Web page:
Monday, 15 April 2013 | Weather
An occluding cyclone (a low-pressure cell that is filling-in and dissipating) is quite prominent over Minnesota on the IR/visual image of the upper Midwest Monday morning, April 15th. (This image is live, and will look different if you’re viewing at a different time). The northbound portion of the circulation has brought a temporary respite in Madison from the endless winter we’ve been experiencing. But, light snow is likely to be back in the forecast by Friday the 19th.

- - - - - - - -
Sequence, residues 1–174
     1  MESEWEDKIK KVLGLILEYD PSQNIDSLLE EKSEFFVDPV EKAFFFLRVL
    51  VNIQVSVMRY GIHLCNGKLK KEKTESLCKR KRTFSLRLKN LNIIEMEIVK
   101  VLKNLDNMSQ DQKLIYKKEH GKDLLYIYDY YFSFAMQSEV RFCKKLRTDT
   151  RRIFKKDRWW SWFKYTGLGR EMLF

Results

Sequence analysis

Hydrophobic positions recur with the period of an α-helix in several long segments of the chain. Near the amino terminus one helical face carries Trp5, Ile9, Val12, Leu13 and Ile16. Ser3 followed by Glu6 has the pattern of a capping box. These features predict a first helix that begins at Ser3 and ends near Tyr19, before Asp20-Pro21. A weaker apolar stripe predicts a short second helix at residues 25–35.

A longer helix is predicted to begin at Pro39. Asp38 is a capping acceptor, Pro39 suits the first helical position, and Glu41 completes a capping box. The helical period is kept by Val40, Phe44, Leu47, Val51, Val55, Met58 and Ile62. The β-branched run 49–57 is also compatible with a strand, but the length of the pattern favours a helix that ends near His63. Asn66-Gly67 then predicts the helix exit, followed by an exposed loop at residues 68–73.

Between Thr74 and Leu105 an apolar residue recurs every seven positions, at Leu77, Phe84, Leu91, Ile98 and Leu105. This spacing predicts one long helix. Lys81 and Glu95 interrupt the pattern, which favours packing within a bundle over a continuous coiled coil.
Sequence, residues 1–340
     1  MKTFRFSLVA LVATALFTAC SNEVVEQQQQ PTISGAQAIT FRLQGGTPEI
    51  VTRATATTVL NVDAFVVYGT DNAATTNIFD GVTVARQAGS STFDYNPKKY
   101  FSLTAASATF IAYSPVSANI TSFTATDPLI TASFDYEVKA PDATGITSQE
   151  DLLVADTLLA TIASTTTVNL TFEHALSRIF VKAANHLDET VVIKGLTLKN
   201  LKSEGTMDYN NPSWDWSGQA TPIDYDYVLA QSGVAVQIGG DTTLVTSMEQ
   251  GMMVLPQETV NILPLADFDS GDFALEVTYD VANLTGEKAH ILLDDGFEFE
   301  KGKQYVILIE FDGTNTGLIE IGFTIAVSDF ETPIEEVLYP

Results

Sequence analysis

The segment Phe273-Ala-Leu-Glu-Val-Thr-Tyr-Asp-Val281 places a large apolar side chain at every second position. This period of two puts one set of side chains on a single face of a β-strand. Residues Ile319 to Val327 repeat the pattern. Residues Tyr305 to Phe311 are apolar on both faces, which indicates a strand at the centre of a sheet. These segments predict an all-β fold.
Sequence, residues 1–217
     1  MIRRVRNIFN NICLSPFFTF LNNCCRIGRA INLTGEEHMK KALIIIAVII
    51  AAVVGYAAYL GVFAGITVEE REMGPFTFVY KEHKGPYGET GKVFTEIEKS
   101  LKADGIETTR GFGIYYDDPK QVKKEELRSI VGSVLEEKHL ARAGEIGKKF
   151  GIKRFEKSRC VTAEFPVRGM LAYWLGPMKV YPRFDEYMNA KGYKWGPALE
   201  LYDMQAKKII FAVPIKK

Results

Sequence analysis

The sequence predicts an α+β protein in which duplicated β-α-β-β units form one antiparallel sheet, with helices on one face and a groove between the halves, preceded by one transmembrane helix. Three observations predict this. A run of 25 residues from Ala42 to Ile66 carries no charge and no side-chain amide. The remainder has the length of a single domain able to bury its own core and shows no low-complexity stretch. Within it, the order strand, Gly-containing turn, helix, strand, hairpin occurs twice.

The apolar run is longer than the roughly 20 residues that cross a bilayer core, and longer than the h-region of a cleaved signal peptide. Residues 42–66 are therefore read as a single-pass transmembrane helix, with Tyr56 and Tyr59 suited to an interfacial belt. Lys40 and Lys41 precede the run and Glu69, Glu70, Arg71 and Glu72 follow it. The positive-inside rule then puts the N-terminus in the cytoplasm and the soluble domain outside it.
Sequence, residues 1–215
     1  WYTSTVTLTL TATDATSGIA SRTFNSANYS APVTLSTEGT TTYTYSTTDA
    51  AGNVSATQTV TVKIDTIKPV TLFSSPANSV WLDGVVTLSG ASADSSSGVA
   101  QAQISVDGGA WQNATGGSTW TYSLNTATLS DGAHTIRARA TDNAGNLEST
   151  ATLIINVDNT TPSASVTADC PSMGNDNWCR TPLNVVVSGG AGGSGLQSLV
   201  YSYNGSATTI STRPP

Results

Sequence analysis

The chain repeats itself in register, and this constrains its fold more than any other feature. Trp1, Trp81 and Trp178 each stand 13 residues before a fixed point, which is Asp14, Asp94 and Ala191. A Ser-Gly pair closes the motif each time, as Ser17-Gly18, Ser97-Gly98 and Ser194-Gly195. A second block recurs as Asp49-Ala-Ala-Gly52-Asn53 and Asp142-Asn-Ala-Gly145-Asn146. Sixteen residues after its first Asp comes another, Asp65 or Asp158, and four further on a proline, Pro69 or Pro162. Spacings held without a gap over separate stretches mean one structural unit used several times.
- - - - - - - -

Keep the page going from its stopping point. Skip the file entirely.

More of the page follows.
A listener called in last week to ask about an article she had seen in the Wisconsin State Journal about “atmospheric rivers.” This term was coined in the 1990s to describe the predominant mode of moisture transport away from the tropics toward the poles, which tends to occur in long, narrow plumes. A caller several months ago asked about the structural causes of these plumes and I still need to make good on answering him. The causal mechanisms are still under study, but what is known so far is quite interesting. I’ll talk about them on air soon since the local “AR” here in the upper MIdwest is the low-level jet which transports moisture from the Gulf of Mexico; it’s most active in the upcoming warmer seasons. In fact, some of the nearly 3 inches of rain that came down in Madison between April 7th and 14th was delivered by the LLJ.